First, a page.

Late stage Lyme disease symptoms can occur weeks, months, and even years after a tick bite as the infection spreads throughout the body and infiltrates the central nervous system. Treatment at an early stage, with antibiotics, usually kills the bacteria and eradicates symptoms. Although more difficult to treat at a later stage, antibiotics are also effective against disseminated Lyme disease. Those who remain untreated can have persistent debilitating symptoms, although the existence of chronic Lyme disease is questionable. Where antibiotic treatment has been given, the recurrence of symptoms may simply be due to another tick bite which would then, again, respond to antibiotic treatment. Long-term antibiotic treatment for Lyme disease are inadvisable, unproven, and potentially dangerous.
In many cases it may be that a patient has been incorrectly diagnosed with Lyme disease when they actually have symptoms of an unrelated illness such as Rheumatoid Arthritis, fibromyalgia, and even mental health conditions such as schizophrenia, and psychosis. Diagnosis is difficult, especially where a patient cannot recall having been bitten by a tick recently and did not develop erythema migrans at the time. An alternative explanation for persistent symptoms of Lyme disease is the possibility that the body’s own immune system continues to attack itself even after infection has been eradicated, with Lyme disease effectively causing an autoimmune condition.
Skin Rash for European Lyme Disease Cases
Another skin rash may occur in some patients, particular in European cases of Lyme disease in the elderly. Acrodermatitis chronic atrophicans (ACA) is a chronic skin disorder that commonly begins on the top of the foot or the back of the hands and turns the skin a reddish-blue color initially. This discoloration may then spread and, over a number of weeks or months, the skin begins to thin and become dry, hairless, and wrinkled. This may be the only residual sign of Lyme disease and is not common in North America, Russia, or Asia, making it most likely connected to individual bacterial strains found only in Europe.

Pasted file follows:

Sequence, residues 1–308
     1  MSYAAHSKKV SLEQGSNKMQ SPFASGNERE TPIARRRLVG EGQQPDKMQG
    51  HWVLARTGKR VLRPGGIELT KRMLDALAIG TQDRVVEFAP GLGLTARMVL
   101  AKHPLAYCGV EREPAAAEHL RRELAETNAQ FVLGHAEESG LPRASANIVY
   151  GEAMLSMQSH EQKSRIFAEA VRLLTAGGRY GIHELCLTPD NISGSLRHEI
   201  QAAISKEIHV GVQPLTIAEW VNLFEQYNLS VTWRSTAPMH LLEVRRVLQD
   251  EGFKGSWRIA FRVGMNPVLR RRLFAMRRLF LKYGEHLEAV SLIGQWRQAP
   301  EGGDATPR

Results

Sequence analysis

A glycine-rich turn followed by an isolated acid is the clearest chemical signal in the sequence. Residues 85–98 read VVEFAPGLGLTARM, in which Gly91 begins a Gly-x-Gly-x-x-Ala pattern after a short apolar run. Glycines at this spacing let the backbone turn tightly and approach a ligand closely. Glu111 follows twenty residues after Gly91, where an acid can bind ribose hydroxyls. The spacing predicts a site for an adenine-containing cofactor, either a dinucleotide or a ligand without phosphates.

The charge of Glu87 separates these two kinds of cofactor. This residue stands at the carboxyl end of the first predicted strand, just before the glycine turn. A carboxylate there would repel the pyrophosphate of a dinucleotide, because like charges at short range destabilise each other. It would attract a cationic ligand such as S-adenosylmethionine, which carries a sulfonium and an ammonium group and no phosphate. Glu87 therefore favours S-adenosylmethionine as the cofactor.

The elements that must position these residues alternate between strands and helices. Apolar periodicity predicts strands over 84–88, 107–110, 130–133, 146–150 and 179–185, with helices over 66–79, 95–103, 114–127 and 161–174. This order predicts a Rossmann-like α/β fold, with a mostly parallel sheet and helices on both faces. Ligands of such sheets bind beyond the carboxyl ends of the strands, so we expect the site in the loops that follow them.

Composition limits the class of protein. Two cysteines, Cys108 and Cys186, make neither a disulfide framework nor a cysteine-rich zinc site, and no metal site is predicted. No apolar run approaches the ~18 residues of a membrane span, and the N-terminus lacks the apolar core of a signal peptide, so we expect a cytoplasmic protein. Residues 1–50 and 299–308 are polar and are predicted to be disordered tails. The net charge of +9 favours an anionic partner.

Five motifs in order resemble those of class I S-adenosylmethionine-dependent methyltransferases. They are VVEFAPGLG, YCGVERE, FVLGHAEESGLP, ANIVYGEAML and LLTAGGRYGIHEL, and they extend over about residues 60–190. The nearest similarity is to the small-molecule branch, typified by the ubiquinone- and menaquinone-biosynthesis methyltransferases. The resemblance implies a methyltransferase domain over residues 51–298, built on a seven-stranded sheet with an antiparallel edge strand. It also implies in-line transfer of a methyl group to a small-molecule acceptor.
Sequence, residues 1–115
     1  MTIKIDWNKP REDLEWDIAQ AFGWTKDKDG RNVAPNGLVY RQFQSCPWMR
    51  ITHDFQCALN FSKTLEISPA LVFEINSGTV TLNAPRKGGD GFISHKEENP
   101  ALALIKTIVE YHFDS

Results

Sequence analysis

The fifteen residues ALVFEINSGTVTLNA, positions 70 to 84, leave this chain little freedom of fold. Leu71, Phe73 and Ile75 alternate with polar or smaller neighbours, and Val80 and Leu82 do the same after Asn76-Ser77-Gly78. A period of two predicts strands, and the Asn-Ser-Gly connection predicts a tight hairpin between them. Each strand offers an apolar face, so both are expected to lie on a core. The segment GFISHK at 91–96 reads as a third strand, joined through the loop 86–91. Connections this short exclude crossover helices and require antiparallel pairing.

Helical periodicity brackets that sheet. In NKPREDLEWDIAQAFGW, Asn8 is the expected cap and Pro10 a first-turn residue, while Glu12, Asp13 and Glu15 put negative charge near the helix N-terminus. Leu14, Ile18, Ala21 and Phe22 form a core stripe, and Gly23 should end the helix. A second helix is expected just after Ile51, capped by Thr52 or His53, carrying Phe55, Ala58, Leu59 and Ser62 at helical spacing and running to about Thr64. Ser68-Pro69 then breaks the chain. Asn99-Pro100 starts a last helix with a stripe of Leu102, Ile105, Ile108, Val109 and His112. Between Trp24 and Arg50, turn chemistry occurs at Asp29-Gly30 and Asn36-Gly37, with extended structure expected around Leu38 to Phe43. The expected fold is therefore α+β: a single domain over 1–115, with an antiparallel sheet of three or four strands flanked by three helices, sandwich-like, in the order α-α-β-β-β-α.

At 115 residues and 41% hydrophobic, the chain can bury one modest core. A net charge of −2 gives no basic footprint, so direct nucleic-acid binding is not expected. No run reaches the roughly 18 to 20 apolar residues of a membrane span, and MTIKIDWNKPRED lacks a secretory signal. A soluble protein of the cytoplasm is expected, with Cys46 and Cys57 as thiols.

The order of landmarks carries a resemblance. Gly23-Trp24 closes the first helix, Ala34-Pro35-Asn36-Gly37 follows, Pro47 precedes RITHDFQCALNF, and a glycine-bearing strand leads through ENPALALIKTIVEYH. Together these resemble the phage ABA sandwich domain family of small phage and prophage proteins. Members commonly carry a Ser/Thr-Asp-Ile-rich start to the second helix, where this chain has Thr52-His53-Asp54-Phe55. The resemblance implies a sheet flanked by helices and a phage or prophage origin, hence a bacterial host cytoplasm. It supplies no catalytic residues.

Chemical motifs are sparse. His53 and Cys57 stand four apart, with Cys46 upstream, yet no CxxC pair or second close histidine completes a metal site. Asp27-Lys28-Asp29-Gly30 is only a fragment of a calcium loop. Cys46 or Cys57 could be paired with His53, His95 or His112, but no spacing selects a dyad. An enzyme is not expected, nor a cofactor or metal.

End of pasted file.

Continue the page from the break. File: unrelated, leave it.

Late stage Lyme disease symptoms are often more severe and debilitating than earlier symptoms, with a number of patients finding it difficult to carry out normal activities and encountering problems with work, relationships, and general quality of life. Severe headaches, intermittently painful and swollen joints, cognitive problems, irritability, and abnormal cardiac function may all occur along with numbness in the hands and feet. Neurological issues such as disorientation, mental ‘fog’, poor concentration, an inability to finish sentences or follow conversations, and an impairment of short-term memory have all been observed as late stage Lyme disease symptoms and are often classified as Lyme encephalopathy.
‘Fibro Fog’ and Neuroborreliosis (Neurological Lyme Disease)
The ‘fibro fog’ reported by many fibromyalgia sufferers, along with diverse and migratory muscular aches and pains could be due to persistent Lyme disease infection which has been misdiagnosed. Conversely, patients who have been told, or who believe, that they have chronic Lyme disease symptoms, may actually be suffering from fibromyalgia or another chronic condition. Lyme disease, even at a late stage does not increase the incidence of depression or fibromyalgia however, although patients with Lyme encephalopathy usually also suffer profound fatigue. The importance of correct diagnosis is highlighted by the dangers of long-term, inappropriate, medication for the wrong condition such as antibiotic use for an illness not based on an underlying infection, or muscle relaxants and psychotherapy for a treatable systemic bacterial infection leading to Lyme disease symptoms.
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